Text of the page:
By Libby Grammer Garrett
Undocumented immigration cannot be described as either a problem or a possibility — it simply is a reality, and one that we are not dealing with very well. As someone who works with immigration issues every day in an immigration law practice, I can attest that most Americans are grossly misinformed about this issue, dependent as they are on inflammatory and misleading news sources.
Being exposed to an actual immigrant’s story can help us break down these conventional stereotypes:
Lidiana entered the United States in the early 1990s, seeking work because she could not make ends meet in Mexico. She quickly found work in a factory and has been paying taxes for years. She married a lawful permanent resident and had three children, all U.S. citizens. Her husband filed papers for her so she could obtain her green card, but because of long processing times at the former INS — now the U.S. Citizenship and Immigration Services (USCIS) — many years passed before that petition would become current and she could actually adjust her status to obtain permanent residency.
But in the meantime, her marriage became abusive, and Lidiana was forced to leave her husband. He withdrew the papers he had filed for her, making her ineligible to obtain legal status. Her only option to regularize her status was using novel legal arguments from a skilled attorney, but she still faced the possibility that the petition could be rejected. If rejected, she would be put in deportation proceedings, leaving her children with no mother and no income to support them in the only home they have ever known.
When real people who are made in the image of God become involved, we realize that the issue of undocumented immigration is testing the capacity of Christians to resist temptations that undermine a Kingdom ethic — xenophobia, racism, greed. If Christians claim to look to the Bible as our guide on moral decision-making, then we must do so on the issue of undocumented immigration as well.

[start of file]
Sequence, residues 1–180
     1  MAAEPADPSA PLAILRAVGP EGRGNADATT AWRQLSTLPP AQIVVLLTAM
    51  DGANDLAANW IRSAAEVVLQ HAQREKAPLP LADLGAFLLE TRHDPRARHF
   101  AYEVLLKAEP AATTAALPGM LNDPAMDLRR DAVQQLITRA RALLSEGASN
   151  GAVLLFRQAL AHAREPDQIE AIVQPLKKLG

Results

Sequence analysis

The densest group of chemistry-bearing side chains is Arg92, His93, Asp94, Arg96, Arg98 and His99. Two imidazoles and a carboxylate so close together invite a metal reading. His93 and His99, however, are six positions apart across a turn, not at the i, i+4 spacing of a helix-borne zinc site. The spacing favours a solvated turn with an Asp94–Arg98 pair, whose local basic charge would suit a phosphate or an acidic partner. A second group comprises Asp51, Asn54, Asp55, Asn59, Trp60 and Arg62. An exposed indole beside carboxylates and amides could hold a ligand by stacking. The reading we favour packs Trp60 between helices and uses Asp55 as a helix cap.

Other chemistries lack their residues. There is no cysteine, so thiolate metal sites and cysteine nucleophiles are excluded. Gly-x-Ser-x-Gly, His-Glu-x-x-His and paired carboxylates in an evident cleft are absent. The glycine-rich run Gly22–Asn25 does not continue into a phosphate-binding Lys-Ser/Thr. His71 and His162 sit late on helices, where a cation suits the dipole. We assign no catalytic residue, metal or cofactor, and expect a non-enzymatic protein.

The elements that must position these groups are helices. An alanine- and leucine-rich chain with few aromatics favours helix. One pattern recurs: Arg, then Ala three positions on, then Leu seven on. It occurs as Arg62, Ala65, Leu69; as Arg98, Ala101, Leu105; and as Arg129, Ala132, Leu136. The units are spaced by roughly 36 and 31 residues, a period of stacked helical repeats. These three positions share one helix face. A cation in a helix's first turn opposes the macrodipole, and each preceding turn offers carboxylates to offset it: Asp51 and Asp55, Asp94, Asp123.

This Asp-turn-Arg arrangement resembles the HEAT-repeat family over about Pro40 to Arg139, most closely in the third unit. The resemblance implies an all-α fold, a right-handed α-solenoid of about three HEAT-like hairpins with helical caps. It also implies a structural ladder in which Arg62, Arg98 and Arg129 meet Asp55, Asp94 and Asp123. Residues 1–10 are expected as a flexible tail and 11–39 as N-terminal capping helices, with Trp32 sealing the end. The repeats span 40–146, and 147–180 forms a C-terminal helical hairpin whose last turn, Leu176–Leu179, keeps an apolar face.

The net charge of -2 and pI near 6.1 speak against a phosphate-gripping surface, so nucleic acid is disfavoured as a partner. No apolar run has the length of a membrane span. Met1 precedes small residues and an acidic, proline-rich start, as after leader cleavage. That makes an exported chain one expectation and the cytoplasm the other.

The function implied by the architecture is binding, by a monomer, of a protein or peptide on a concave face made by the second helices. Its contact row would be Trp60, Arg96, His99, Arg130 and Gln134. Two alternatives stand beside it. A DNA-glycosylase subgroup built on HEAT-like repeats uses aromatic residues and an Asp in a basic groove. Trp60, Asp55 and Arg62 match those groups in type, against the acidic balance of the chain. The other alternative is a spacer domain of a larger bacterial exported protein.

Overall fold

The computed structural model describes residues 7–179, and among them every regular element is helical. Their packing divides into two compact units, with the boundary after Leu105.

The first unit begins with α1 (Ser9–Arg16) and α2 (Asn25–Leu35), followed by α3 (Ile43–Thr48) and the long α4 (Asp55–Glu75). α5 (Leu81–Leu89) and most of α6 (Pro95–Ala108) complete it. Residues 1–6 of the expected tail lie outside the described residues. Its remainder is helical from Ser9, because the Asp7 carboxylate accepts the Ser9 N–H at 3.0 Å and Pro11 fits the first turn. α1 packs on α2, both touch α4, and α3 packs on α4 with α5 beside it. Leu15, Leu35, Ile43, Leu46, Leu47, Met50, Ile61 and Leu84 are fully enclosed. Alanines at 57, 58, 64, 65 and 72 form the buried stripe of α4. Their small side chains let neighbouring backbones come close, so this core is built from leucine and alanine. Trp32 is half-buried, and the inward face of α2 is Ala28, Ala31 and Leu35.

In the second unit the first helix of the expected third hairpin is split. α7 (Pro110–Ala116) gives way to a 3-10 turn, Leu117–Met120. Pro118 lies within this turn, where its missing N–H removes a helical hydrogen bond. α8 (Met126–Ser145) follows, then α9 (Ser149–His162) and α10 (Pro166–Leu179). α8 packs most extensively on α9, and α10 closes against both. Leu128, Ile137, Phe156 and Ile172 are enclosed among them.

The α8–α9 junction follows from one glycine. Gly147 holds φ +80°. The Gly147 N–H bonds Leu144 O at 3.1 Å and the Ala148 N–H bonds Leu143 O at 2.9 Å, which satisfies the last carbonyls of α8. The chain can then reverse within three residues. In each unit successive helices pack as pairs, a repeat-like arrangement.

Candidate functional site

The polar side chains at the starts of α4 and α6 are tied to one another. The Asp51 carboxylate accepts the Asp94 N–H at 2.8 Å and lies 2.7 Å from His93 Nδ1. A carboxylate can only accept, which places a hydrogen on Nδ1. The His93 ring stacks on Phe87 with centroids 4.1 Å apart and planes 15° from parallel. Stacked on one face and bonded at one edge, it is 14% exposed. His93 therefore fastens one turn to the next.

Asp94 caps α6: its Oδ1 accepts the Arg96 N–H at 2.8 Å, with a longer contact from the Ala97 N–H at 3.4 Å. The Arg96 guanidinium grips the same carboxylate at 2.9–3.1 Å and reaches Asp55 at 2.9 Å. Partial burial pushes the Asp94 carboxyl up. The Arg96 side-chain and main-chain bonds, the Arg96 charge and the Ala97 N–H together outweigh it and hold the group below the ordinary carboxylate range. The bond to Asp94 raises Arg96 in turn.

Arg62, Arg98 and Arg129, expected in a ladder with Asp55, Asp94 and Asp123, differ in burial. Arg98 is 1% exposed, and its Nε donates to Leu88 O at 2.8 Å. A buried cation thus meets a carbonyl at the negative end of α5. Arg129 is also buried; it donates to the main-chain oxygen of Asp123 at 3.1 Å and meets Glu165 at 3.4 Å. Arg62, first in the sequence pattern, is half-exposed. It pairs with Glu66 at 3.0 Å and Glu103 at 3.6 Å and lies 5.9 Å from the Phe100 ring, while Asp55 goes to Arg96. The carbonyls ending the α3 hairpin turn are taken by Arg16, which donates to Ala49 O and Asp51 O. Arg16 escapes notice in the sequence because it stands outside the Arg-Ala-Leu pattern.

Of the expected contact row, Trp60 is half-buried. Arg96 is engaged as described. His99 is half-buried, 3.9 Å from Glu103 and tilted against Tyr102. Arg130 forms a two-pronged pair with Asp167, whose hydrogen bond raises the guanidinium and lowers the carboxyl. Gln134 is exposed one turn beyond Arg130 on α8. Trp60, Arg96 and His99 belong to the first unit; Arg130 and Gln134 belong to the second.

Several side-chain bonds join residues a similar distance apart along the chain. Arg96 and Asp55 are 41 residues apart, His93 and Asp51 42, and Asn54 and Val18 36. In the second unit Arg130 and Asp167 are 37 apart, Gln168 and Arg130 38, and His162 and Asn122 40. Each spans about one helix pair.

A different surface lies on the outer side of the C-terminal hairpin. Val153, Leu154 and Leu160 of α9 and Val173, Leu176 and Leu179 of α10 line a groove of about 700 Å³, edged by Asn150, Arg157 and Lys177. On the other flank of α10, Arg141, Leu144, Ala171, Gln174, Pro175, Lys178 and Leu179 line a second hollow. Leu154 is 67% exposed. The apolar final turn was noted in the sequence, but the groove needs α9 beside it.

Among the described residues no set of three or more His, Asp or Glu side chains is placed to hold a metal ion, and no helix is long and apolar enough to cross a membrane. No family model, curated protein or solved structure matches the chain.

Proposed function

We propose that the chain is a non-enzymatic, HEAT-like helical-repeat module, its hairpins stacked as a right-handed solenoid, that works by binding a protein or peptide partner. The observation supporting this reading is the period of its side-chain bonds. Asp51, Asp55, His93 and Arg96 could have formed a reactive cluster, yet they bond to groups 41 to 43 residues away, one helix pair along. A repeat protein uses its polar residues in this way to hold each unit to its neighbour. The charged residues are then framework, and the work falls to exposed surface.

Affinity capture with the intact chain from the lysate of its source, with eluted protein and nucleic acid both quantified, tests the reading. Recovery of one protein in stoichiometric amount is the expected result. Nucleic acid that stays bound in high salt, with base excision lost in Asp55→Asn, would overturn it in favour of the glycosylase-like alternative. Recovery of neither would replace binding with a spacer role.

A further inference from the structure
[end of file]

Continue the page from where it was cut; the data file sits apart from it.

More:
The Old Testament is full of references to migrants and their families. The scriptures demand justice and mercy toward strangers and aliens. Many crucial Old Testament stories — Abraham, Joseph and Ruth — depict the lives and struggles of sojourners and foreigners. Hebrew law clearly demands care for the alien/sojourner and grounds that demand in Israel’s own experience as “aliens in Egypt” (Lev. 19:34).
The teachings and actions of Jesus and his followers in the New Testament carry forward the same pattern. Jesus himself was an alien in Egypt when his parents fled to save his life. He was kind to strangers and taught a Kingdom ethic in which inclusion of outsiders was central. Paul noted our status as resident aliens in the world and what might be called our ‘naturalized citizenship’ in the Kingdom of Heaven.
Just and merciful treatment of those on the margins of society is a fundamental biblical norm. That we have so much trouble seeing this is a scandal that reflects the corruption of our purported commitment to the Lordship of Christ. We must treat undocumented immigrants with the dignity that every human being deserves. We must become advocates for the 12 million of our neighbors who remain vulnerable and in the shadows.
Some Christians have found avenues to advocate for these strangers among us. The Roman Catholic Church has led the way. The U.S. Conference of Catholic Bishops has called for broad-based legalization (permanent residency) for undocumented immigrants, reform of family-based and employment-based immigration pathways so that families divided by immigration may be reunited, and humane working conditions for everyone. They call for an abandonment of the “blockade” border-enforcement strategy and a restoration of due-process protections for all immigrants. Catholic Charities offers direct care to hundreds of thousands of immigrants each year.
Sadly, Baptists lag behind Catholics in their attention to immigration reform, though some groups (such as the American Baptist Churches USA and the Baptist General Convention of Texas) have offered services in the form of lawsuits on behalf of immigrants and training for church-based aid to immigrants. However, other groups (such as the Southern Baptist Convention) have only offered words of kindness to strangers while doing little to advocate publicly for the undocumented.
This is a marginally good start — but Baptists must do better. If our denominational structures are too sluggish to offer leadership, local congregations must blaze the trail. This means re-centering the issue around Scripture and its norms for each Christian’s public witness while avoiding the fictional information spouted forth by uninformed media outlets seeking to place blame for all of our country’s ills on one group of people.
Almost every community in this country is home to undocumented immigrants. The question is whether we choose to view them through the lens of our Kingdom citizenship — or our national xenophobia.